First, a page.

Sinclair buying rival TV operator Tribune for $3.9 billion

In this Monday, May 1, 2017, file photo, the WGN Radio sign appears on the side of Tribune Tower, in downtown Chicago. (AP Photo/Kiichiro Sato, File)

NEW YORK (WCMH/AP) — Sinclair Broadcast Group, one of the nation’s largest local TV station operators, wants to get even bigger. The company announced Monday that it will pay about $3.9 billion for Tribune Media, adding more than 40 stations including KTLA in Los Angeles, WJW in Cleveland and WGN in Chicago.

Tribune also has stakes in the Food Network and job-search website CareerBuilder.

“Today’s announcement is the culmination of an extensive strategic review, which has delivered significant value to our stockholders,” Tribune CEO Peter Kern said in a press release.

Sinclair already has 173 stations around the country, including WSYX in Columbus and WKRC in Cincinnati. The Tribune deal, plus other pending acquisitions, will give Sinclair a total of 233 TV stations. But the Hunt Valley, Maryland-based company said it may sell some stations to comply with Federal Communications Commission rules.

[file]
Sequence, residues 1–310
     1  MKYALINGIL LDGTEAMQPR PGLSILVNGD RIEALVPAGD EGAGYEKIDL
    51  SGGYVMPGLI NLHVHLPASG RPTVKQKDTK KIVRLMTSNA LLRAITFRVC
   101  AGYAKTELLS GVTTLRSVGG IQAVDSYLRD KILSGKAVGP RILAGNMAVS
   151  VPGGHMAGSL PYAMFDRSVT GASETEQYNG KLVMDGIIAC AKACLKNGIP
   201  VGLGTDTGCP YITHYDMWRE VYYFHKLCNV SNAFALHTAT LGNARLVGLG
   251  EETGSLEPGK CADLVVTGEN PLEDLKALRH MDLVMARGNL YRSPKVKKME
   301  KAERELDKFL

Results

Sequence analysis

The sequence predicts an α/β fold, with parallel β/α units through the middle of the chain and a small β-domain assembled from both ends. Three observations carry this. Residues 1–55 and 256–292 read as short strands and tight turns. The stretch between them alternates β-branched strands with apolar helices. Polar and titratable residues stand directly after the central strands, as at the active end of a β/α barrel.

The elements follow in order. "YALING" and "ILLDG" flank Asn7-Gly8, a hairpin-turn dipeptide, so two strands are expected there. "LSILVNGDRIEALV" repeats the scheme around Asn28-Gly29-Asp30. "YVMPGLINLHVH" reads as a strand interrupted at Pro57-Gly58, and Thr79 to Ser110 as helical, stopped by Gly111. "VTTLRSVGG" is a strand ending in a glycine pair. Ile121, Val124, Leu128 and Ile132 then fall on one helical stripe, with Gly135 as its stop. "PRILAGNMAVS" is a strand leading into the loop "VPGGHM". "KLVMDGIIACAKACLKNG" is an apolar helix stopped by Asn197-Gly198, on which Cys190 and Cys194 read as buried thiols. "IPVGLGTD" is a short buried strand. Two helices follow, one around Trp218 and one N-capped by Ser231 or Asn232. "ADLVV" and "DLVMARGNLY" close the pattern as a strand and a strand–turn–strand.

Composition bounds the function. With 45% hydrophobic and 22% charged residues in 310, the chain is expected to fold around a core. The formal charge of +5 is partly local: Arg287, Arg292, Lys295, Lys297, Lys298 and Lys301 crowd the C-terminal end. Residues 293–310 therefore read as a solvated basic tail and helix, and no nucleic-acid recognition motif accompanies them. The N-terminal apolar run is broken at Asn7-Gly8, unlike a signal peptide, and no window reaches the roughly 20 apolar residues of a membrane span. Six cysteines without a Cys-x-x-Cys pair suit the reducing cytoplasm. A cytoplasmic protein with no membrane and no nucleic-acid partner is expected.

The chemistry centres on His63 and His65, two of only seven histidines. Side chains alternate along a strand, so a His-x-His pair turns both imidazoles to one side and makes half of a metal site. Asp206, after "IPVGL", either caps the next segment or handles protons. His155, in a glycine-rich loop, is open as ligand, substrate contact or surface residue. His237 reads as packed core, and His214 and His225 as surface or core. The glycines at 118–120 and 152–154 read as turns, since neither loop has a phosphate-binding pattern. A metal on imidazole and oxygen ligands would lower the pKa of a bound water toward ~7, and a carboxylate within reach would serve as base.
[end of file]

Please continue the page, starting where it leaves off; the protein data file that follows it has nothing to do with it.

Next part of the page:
Sinclair’s move on Tribune appears to have been sparked by potential rule changes under a federal regulator recently appointed by President Donald Trump. Reports of a possible Sinclair bid emerged about a month after proposals to dial back regulations that kept a lid on such deals were floated by Ajit Pai, the new chairman of the Federal Communications Commission.

Sinclair said it will pay about $43.50 in cash and stock for each share of Tribune, an 8 percent premium from Tribune’s closing price of $40.29 on Friday.

Shares of Sinclair Broadcast Group Inc. rose 95 cents, or 2.6 percent, to $37.90 in morning trading Monday. Tribune Media Co. shares rose $2.56, or 6.4 percent, to $42.85.

Tribute spokesman Gary Weitman declined to comment to The Associated Press. Spokespeople for Sinclair, based in Hunt Valley, Maryland, couldn’t be reached for comment.

Sinclair recently hired former Trump spokesperson and Soviet-born Boris Epshteyn as its chief political analyst. The company has built a reputation for pushing a conservative agenda on viewers, including centrally-produced editorials aired on its affiliates across the country. provides commenting to allow for constructive discussion on the stories we cover. In order to comment here, you acknowledge you have read and agreed to our Terms of Service. Commenters who violate these terms, including use of vulgar language or racial slurs, will be banned. Please be respectful of the opinions of others and keep the conversation on topic and civil. If you see an inappropriate comment, please flag it for our moderators to review.

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